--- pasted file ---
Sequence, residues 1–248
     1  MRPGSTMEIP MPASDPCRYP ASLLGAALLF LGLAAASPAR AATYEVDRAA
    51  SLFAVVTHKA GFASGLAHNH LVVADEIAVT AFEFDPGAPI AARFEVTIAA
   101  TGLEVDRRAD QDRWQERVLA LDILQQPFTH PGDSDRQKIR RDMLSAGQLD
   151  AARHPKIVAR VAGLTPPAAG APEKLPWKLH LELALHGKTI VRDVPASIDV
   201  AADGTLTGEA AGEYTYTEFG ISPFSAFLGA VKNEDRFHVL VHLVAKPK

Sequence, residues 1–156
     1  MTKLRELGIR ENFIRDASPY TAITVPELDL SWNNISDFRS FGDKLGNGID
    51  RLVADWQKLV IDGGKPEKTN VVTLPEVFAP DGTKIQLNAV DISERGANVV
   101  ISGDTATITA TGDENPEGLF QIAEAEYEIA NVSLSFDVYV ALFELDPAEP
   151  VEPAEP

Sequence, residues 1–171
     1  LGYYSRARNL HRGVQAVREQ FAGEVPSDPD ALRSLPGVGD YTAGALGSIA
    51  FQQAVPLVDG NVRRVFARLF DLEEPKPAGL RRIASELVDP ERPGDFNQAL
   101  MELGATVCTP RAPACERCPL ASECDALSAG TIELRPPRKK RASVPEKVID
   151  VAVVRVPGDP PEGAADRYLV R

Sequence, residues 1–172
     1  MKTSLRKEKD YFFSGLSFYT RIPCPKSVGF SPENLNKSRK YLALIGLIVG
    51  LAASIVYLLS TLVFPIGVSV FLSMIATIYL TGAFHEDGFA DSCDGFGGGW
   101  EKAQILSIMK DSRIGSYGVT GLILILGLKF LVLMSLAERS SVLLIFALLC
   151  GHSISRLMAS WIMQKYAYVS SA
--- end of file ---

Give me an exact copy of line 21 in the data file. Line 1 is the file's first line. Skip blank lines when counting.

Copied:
   151  GHSISRLMAS WIMQKYAYVS SA